Kew Gardens is a large, inner-city public garden which hosts a number of festivals, concerts, craft shows and outdoor exhibitions. The Beaches International Jazz Festival, the largest free jazz concert in Canada, featuring more than 400 musicians, takes place in this park. Kew Gardens is located between Queen St. East and the Boardwalk.
Alexander Muir Park
This centrally located park is a pleasant landscape of formal gardens and horticultural displays. The park is located on Yonge Street, just south of Lawrence Avenue and is open every day, all year round.
Humber Bay Promenade Park
This Etobicoke waterfront park offers a spectacular view of the Toronto skyline. The gardens also feature a boardwalk and gazebo. The park is located on Lakeshore Boulevard West, opposite Fleeceline Road and is open to the public every day, all year round.
Toronto Music Garden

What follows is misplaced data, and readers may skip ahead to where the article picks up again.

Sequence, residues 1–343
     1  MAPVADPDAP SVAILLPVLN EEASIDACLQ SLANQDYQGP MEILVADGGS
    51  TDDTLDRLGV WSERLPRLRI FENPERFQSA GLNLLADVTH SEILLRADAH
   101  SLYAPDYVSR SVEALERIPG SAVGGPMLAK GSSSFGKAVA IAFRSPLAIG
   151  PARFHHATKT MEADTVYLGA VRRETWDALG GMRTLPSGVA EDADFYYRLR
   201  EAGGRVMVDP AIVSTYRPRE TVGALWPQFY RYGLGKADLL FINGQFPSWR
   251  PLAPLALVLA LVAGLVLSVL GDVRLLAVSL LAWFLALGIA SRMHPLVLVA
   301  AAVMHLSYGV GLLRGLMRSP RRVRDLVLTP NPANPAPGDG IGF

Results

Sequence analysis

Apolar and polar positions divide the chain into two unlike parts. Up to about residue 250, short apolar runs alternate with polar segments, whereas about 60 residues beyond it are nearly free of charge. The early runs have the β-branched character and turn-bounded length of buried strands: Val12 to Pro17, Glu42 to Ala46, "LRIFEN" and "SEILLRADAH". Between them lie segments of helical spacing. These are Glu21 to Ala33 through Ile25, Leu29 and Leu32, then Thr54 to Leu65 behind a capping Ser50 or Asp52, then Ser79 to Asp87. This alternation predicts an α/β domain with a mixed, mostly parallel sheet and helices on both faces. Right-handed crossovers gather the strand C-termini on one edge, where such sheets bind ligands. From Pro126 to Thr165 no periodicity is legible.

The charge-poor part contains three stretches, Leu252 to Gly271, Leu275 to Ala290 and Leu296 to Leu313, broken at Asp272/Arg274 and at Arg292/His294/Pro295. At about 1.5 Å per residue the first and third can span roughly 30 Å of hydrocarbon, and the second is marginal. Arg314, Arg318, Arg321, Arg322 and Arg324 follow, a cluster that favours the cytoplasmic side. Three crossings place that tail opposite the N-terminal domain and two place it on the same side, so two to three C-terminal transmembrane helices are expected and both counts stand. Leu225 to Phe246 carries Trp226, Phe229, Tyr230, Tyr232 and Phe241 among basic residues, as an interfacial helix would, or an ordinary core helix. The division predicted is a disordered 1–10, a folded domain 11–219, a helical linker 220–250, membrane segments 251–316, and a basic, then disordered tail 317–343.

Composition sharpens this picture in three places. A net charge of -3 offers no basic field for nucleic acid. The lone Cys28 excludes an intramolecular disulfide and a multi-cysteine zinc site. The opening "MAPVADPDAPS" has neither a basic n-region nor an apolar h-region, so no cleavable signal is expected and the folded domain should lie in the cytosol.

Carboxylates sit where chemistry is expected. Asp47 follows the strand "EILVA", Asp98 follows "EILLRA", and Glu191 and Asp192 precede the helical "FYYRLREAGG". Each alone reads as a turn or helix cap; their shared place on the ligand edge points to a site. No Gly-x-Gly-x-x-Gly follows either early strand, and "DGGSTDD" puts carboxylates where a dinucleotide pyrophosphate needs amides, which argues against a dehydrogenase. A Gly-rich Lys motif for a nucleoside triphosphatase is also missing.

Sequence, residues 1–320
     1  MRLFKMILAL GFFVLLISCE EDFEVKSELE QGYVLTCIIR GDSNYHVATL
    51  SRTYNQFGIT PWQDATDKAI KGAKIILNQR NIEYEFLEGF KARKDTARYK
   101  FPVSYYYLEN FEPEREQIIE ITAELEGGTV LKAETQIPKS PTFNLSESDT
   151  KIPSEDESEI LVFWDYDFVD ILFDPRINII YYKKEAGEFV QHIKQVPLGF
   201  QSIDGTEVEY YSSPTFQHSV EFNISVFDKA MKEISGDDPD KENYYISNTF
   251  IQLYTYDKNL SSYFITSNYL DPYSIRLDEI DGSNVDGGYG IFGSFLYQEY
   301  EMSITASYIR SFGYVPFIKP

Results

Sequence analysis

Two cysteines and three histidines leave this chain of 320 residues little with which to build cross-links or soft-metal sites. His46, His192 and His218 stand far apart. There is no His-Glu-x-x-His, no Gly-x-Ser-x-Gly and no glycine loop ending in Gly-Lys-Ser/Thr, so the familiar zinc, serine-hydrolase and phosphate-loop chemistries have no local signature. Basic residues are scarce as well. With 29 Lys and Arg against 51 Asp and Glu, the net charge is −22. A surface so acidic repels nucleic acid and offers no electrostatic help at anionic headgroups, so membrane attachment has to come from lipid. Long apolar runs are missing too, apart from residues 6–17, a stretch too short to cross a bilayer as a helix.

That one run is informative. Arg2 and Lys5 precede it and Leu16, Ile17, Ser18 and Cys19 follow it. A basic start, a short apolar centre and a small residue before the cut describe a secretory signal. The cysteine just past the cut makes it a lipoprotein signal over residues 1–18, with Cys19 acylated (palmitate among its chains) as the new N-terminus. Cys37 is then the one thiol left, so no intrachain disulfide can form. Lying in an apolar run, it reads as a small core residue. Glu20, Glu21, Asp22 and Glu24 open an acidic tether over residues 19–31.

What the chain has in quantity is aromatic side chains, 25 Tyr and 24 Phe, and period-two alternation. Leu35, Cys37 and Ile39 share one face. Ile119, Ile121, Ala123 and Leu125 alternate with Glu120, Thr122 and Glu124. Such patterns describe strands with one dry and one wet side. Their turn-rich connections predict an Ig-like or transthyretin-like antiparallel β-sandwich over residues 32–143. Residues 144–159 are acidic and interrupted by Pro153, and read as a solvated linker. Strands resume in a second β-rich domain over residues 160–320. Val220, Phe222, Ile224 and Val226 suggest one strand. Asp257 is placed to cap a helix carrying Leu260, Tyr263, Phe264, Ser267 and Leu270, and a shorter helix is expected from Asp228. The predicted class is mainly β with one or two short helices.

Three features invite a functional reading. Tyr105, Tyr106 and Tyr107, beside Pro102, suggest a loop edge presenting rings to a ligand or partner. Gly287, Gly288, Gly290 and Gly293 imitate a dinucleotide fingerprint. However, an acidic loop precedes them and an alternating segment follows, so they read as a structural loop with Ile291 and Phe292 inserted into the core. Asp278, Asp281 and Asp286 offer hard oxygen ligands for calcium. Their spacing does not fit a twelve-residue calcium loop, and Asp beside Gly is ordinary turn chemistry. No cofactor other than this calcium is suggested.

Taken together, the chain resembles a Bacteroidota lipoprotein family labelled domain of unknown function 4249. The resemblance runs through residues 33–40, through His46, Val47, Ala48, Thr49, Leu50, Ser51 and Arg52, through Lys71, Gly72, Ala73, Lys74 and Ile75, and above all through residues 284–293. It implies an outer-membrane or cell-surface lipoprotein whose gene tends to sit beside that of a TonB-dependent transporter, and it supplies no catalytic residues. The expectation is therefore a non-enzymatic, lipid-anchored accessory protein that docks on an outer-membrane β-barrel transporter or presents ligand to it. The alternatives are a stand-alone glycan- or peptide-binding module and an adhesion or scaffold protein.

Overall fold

Inspired by Bach's Suites for Unaccompanied Cello, this park is a visual symphony of twirling pathways and energetic gardens. Different sections of the garden correspond to each dance movement within the Suite, and Canadian artists contributed special features to the landscape. The park is a focal point of Toronto's exciting waterfront.
St. James Gardens
A burst of colour in the central city, these formal gardens are conveniently located on the corner of King Street East and Church Street.
Queen's Park Toronto
Found in Toronto's downtown, Queen's Park offers a respite in the otherwise busy urban centre. Opened in 1860, it is named after Queen Victoria. The park is home to the Ontario Legislative Building, and many monuments and statues are found surrounding. Look for the Ontario's Veteran Memorial and statues of King Edward V11, William Lyon Mackenzie, Queen Victoria and John A. Macdonald to name but a few.
Rosetta McClain Gardens
Featuring a water fountain centre-piece, these well-designed, leafy gardens are located on the south side of Kingston Road, east of Birchmount Road in Scarborough. There is plenty of shade for picnicking and free parking is available. The park is open every day, all year round.
Martin Goodman Trail
The Martin Goodman Trail Stretches for 22 km along the waterfront (Lake Ontario) and is popular with walkers, cyclists and rollerbladers, to name a few.